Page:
heart disease, of which he might die at any hour. He remains
now - three years ago - perfectly well).
"I have great reason to be most grateful I visited your establishment.
No day passes without some of your modes of treatment, which
I take in my own house. I have not had, though much exposed,
what is called a cold since I was at Matlock, which I attribute
to the mild water treatment I acquired with you. My wife joins
me in kind regards to you and Mrs. Smedley". (Undated)
In 1863 the Derby Mercury reported: "The following
is a list we have procured from the steward of Mr. Smedley's Hydropathic
Establishment, Matlock Bank, consumed in four weeks last month:
- 5,4711lbs of beef, mutton, lamb and veal ; 74 rabbits, 45 fowls,
143lbs of fish, 5,053lbs of bread, 268 rolls, 392lbs of various
bread, 7,300 pints of milk, 550 puddings, large quantity of stewed
fruit, 3,360 eggs".
Diet was important to Smedley and in Practical
recommended several milk based puddings and jellies, beefsteaks
or cutlets -
"the only way to have them is tender" - and stewed fruits.
He found ginger, when "put through a sausage machine, softens
and mellows it. Very good instead of butter, for some invalids".
The stewed fruit consumed in 1863 would undoubtedly have included
apples and pears ("very wholesome and valuable article of
diet"), figs, dried
apricots and peaches and French plums and Smedley provided helpful
hints on how to cook them. Perhaps he had a butterfly mind or wanted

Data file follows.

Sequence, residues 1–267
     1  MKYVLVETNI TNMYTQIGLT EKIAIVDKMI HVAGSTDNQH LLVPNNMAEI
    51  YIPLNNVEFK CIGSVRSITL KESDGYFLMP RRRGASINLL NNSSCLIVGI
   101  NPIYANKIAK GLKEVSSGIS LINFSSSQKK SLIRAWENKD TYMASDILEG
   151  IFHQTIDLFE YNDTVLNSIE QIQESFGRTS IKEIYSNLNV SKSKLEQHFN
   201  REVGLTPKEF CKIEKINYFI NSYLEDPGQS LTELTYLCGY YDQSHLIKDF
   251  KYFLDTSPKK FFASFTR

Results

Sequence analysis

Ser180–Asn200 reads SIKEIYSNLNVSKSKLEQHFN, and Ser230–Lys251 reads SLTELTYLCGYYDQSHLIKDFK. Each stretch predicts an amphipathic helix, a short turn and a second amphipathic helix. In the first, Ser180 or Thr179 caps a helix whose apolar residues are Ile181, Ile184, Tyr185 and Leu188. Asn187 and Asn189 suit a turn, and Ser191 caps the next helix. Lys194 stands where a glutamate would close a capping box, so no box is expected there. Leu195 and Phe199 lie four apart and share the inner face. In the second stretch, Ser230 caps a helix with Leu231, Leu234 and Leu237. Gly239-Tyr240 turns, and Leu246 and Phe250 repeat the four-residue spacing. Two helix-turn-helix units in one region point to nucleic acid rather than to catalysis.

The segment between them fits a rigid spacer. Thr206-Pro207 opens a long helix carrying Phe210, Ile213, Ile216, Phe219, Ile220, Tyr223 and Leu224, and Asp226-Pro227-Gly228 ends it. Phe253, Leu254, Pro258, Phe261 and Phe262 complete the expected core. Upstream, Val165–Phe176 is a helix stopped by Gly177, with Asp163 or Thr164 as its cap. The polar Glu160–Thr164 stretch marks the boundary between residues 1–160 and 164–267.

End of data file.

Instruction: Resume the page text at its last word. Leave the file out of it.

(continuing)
to note down everything that he thought of in a rather a rush as
amidst his food suggestions he, rather curiously, inserted a recipe
for pomade for the hair!
View from the Matlock Hydropathic Establishment.
G. Bailey, Sc : C. Smedley, Del.
Look carefully and you can see a train going over the railway bridge.
From the same book:
You may also like to view
in Hall's "Days in Derbyshire" (1863)
for Smedley's Hydropathic Establishment, Bemrose's Guide, 1869
Was Red Tape at Smedley's Hydro Then"
Smedley's Hydropathic Establishment Enumeration Book in the 1891
in the 1901 census
links are to transcripts and information elsewhere on this web site):
 Smedley, John "Smedley's
Practical Hydropathy, 15th ed.", James Blackwood & Co.,
Paternoster Row, London.
 Thomas Bunting is shown owning
two adjacent properties on the Smedley's site in the 1848 Tithe:
no.713 (House, Coal-house, Privy, Court and Garden) and No.714
(House, Outbuildings, Court, Yard, and Gardens). Thomas Bunting
was a lead miner, living on Matlock Green in the
1851 census. In 1851 George Ludlam was occupying one property
and Robert Bunting the other (see census
 There is more about Ralph Davis
 The treatments from the Bath List
include a fomenting pack with pads applied to legs (47), a
hot mustard leg bath that included rubbing the legs upwards
afterwards (137), a liver pack (48), a stomach pack (50), a
6-8 minutes steam bath (51), a hot soaping (13) and a sponge
 Lord Ossington visited John Smedley
in 1868. See: Matlock,
Riber & Starkholmes
 "The Derby Mercury",
Wednesday, September 16, 1863.